A Swiss-based company has introduced credit card size sheets of gold that can be broken like a chocolate bar into 1 gram pieces, and they are rapidly growing in popularity across Europe – especially in Germany, where the people still remember the massive devaluation of the currency and the pain of hyperinflation. The current market . . . → Read More: Writings of J. Todd Ring: Credit card size sheets of gold for uncertain times
Starting in 1902, Albert Einstein spent seven years as a Swiss patent clerk, not only did it pay well but his “cobbler’s trade” as he referred to it, gave him ample time to do his scientific work.
With less and less patents being applied for in Canada, Einstein gives hope, albeit slim to Canada’s . . . → Read More: The Scott Ross: Canada’s Innovation Is Patent-ly Declining
Most Canadian kids don’t leave home without their mother telling them, “Don’t forget your jacket.” Always offering the reminder so her child doesn’t catch a cold. Canada may not have a mother looking out for us, at least on this continent, but Stephen Harper is a big boy and he should know better that in . . . → Read More: The Scott Ross: Cold Conservatism & Canada Without A Jacket
It’s odd that Conservatives advocate competition in the economy when under this Conservative government our economy has only become less competitive.
The World Economic Forum (WEF) has recently lowered Canada’s ranking in global economic competitiveness from 12th last year to 14th place in 2012. This has been part of a steady decline since 2009 . . . → Read More: The Scott Ross: A Conservative Canada Is An Uncompetitive One
Sept 2012: Unemployment is up at 7.4%; it has been increasing since June while American unemployment has only gone down.
July 2012: Worst trade deficit ever in Canadian history at $2.3 billion.
2012: GDP growth rate is declining (PDF pg 22). Canada is no longer the fastest growing economy in the G7; it is now . . . → Read More: The Scott Ross: The Conservative Economic Record
This document was accepted by the NYC General Assembly on September 29, 2011, with minor updates made on October 1, 2011. It is the first official, collective statement of the protesters in Zuccotti Park.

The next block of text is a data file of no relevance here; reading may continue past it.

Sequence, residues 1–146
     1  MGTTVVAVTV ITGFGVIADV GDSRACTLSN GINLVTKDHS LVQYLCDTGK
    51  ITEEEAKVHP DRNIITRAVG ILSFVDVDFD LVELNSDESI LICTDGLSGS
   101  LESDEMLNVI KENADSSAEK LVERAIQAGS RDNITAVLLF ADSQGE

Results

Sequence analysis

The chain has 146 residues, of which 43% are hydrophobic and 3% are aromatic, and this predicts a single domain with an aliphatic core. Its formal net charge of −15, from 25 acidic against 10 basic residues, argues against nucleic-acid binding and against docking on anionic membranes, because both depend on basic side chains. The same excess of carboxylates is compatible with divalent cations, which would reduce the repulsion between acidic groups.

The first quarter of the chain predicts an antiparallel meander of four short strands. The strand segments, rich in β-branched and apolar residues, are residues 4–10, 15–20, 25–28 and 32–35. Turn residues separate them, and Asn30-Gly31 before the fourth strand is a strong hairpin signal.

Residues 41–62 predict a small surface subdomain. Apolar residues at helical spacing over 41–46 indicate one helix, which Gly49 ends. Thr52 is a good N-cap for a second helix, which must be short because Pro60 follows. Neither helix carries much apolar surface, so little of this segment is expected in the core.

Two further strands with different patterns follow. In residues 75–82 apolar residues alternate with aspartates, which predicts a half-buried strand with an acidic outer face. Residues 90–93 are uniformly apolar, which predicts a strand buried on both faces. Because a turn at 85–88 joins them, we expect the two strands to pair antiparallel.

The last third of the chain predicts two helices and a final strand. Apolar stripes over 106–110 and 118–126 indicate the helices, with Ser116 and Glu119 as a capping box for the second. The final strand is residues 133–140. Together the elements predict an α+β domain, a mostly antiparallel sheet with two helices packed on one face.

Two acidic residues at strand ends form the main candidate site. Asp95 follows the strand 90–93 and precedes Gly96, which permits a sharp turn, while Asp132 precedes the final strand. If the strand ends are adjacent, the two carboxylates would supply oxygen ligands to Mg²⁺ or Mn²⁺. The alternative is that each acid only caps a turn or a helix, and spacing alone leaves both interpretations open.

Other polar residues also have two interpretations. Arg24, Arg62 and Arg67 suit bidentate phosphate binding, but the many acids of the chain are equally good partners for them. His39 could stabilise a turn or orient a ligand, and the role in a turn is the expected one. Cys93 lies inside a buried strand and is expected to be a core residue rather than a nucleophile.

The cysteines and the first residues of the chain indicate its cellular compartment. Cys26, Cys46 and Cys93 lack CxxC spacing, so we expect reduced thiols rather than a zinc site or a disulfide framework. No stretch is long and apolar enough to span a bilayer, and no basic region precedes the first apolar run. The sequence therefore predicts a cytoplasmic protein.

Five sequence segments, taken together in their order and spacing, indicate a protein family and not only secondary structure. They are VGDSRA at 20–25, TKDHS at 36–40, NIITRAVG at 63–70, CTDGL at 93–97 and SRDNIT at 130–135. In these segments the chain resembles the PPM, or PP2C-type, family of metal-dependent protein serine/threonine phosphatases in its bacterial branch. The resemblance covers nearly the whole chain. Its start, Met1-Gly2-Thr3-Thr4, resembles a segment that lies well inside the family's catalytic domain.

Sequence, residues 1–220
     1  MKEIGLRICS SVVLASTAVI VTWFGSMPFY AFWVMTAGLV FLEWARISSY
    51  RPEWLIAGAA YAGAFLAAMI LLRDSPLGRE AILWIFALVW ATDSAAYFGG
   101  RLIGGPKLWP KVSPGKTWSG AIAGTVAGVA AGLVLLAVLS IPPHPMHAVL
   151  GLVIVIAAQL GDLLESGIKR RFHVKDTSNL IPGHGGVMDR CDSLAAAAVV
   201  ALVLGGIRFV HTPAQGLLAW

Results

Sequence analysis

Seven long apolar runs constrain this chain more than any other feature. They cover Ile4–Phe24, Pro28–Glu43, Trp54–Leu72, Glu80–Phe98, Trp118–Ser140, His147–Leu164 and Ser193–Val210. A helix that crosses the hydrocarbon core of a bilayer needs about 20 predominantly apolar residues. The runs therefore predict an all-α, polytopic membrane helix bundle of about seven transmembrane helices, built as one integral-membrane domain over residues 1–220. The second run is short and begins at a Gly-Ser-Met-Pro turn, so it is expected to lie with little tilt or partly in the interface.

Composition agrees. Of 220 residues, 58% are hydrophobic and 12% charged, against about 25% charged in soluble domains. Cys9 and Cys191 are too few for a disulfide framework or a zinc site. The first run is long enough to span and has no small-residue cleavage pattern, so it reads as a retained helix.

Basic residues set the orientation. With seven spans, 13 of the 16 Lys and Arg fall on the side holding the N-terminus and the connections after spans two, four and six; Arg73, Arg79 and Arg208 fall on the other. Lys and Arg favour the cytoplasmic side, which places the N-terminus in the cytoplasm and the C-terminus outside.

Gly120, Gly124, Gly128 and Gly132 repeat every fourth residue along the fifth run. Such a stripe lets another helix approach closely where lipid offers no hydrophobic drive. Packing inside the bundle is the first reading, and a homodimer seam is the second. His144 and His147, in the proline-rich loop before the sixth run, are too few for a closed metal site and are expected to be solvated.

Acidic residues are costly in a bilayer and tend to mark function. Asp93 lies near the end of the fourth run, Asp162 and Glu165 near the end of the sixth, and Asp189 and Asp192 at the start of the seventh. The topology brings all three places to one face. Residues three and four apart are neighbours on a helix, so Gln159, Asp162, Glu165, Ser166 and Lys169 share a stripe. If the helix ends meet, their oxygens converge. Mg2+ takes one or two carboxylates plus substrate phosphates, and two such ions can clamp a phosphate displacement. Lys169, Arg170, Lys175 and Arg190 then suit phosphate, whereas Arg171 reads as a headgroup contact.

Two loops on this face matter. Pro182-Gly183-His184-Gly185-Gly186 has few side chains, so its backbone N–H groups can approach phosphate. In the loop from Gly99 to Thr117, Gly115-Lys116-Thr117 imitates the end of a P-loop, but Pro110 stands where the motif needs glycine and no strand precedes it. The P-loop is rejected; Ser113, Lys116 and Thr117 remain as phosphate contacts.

As we gather together in solidarity to express a feeling of mass injustice, we must not lose sight of what brought . . . → Read More: Canadian Progressive World: What We Missed: OWS Declaration of the Occupation of New York City
While supply management is bad for our economy, the discussion around it has at least managed to supply how the majority who oppose it are intellectually dishonest.
For the Conservatives, libertarians, Liberals, and the like who are now so vocal in their opposition to supply management, a relatively minor economic program, one must wonder where . . . → Read More: The Scott Ross: Opposing Supply Management & Economic Principles
A classic stock market boom-bust cycle is underway in Bangladesh, inciting riots after the closure of the country’s main markets in Dhaka and Chittagong this week. The picture painted by the charts and reports from Bangladesh make for an abject lesson in how markets fluctuate and are driven by salesmanship and sentiment.
The chart below . . . → Read More: World Headlines Review: Bangladesh: Dabbling in Dhaka Stock Markets
Reports of civil unrest and suicidal protests in Algeria and Tunisia these past two weeks are highlighting the precarious conditions under which many people across the world live: on the verge of starvation, hopelessly unemployed and frequently homeless. For decades these two neighboring nations have been considered relatively stable, if authoritarian African countries; with education . . . → Read More: World Headlines Review: Tunisia and Algeria: North African States of Unrest